When the tears seemed reluctant to dry out, that good old convincing voice within, urged me to get up, walk out, and grab a cuppa with something sweet on the side. When I ignored it, another procrastination tactic was suggested: That I check my phone for messages and new posts on social media.
I resisted both suggestions and stayed on the mat until the string tied tightly around childhood memories of racism unravelled. I knew what was happening. I was being triggered by the #BlackLivesMatter movement that had spread around the world since the brutal murder of George Floyd two weeks earlier by police in Minneapolis, USA.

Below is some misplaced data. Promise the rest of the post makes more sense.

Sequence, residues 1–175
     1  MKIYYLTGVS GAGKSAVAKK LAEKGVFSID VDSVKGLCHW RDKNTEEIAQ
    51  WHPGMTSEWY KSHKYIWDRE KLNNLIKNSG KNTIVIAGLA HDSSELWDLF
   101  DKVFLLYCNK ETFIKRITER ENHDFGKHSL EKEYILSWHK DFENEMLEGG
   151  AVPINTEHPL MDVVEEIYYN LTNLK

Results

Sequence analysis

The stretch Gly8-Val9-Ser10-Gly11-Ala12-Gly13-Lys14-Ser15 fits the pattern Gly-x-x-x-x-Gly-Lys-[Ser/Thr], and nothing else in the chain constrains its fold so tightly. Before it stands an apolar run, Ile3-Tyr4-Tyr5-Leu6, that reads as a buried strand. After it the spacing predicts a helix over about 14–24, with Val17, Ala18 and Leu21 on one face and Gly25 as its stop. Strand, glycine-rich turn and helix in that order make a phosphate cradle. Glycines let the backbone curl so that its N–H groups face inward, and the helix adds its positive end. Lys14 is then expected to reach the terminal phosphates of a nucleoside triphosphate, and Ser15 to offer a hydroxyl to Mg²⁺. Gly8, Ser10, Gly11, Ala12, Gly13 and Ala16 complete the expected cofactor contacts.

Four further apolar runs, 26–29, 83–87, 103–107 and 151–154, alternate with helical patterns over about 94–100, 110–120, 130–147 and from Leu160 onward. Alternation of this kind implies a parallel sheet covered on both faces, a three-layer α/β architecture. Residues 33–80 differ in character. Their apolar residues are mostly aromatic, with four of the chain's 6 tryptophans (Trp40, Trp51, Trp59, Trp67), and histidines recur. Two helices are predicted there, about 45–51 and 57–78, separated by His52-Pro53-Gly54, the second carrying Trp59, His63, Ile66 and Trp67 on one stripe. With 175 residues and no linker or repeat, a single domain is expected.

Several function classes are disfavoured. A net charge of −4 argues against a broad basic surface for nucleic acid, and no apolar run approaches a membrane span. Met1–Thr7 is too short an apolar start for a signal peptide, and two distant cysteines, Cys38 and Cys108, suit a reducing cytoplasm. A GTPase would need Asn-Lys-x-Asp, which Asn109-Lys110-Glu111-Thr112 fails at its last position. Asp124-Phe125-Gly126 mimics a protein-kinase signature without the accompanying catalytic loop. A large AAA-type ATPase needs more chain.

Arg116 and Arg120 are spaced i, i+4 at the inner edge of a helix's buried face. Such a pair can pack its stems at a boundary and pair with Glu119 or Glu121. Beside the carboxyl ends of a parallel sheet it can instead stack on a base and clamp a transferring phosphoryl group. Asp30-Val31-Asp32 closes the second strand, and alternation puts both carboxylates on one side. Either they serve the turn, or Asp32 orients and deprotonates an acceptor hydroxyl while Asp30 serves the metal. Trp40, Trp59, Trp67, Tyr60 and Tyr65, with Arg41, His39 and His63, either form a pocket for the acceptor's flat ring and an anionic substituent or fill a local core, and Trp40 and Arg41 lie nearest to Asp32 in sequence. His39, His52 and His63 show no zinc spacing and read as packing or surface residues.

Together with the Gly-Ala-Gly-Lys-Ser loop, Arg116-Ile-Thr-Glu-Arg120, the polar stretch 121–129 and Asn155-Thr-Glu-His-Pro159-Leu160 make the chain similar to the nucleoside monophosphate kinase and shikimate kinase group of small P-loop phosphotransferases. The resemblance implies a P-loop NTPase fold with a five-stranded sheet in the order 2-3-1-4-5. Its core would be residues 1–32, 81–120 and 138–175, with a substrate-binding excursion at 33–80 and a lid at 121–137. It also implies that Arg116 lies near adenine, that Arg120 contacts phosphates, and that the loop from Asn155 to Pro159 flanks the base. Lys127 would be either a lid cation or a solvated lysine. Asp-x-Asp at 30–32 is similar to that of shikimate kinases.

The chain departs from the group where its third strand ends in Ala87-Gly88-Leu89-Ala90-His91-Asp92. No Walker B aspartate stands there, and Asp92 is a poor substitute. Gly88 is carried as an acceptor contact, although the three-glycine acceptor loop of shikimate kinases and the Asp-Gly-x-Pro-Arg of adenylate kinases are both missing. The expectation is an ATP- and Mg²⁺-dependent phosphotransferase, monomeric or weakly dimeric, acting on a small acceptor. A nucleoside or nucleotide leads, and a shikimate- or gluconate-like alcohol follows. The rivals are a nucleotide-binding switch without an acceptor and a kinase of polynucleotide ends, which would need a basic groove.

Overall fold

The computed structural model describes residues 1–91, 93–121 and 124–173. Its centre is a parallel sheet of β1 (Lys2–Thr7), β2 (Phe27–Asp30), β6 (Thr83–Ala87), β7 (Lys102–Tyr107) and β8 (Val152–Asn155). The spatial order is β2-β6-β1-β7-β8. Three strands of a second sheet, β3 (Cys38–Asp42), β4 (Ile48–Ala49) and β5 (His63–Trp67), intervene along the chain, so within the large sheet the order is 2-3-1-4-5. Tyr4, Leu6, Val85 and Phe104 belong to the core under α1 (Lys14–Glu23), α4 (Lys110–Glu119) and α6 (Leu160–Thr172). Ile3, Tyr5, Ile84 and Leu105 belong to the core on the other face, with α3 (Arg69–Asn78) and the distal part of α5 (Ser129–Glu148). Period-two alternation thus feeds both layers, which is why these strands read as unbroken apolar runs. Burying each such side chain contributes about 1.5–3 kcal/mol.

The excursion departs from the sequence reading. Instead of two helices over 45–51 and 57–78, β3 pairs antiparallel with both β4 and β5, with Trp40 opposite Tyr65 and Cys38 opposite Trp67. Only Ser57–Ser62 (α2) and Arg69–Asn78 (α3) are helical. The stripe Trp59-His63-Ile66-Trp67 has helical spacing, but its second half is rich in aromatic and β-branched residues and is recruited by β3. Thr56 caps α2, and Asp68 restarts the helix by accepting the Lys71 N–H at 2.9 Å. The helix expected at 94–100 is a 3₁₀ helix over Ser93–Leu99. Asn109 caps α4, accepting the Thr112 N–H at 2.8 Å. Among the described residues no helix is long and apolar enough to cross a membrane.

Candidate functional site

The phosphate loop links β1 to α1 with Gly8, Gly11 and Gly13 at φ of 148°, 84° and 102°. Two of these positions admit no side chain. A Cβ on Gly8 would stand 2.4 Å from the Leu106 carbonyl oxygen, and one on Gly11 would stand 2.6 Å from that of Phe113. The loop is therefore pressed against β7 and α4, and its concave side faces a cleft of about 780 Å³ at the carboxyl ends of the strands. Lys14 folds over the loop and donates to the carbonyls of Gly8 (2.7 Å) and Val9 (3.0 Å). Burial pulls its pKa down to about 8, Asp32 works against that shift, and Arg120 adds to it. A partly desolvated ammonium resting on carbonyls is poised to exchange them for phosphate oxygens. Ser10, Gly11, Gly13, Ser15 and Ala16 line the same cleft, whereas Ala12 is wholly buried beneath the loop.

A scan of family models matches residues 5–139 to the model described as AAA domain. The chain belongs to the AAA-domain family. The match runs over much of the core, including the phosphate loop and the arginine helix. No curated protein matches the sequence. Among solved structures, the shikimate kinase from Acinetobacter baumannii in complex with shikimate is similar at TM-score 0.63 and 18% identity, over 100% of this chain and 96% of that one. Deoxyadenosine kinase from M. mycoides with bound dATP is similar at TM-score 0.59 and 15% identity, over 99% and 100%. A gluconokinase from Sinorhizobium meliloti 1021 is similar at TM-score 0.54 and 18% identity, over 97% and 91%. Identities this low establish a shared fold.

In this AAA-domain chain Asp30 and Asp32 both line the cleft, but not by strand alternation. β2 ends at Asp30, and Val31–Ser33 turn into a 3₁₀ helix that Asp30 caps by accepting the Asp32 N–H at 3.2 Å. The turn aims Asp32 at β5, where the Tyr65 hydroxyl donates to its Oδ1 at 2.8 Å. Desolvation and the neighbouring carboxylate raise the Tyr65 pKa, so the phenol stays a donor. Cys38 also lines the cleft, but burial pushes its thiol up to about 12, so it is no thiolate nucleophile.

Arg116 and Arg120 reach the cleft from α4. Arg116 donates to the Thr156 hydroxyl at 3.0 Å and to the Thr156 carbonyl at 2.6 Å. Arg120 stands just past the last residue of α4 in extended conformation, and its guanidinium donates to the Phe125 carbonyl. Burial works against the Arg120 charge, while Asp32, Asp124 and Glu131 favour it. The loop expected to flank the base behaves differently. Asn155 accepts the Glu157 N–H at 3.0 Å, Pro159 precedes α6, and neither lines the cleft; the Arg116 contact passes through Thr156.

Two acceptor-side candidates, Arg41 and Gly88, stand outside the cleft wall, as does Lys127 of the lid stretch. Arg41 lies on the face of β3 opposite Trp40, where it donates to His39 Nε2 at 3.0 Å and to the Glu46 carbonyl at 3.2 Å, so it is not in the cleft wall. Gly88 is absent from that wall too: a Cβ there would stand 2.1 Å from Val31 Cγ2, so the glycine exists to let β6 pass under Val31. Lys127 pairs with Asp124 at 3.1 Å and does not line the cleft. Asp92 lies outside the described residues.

At first, I tried to fight off the memories. They were uncomfortable, but more important, I felt I had no right to explore how racism had affected me as a child. I felt lucky compared to so many then and even now. The stories coming through the news and social media made mine insignificant. But the tears kept coming and I stayed with the process, while two questions kept repeating in between the sobs: What was it about the world’s response that made me so emotional? How did this one death (George Floyd) set off such a global outcry for change, when so many others, equally horrific, barely made the news? One explanation at the start of this inner inquiry was: Maybe the world’s united response in support of the Black Lives Matter movement represented a sign of hope, that something was going to change for the better this time. In spite of restrictions on mass gatherings due to COVID 19, people all around the world, had demonstrated over the weekend. So, what had changed this time?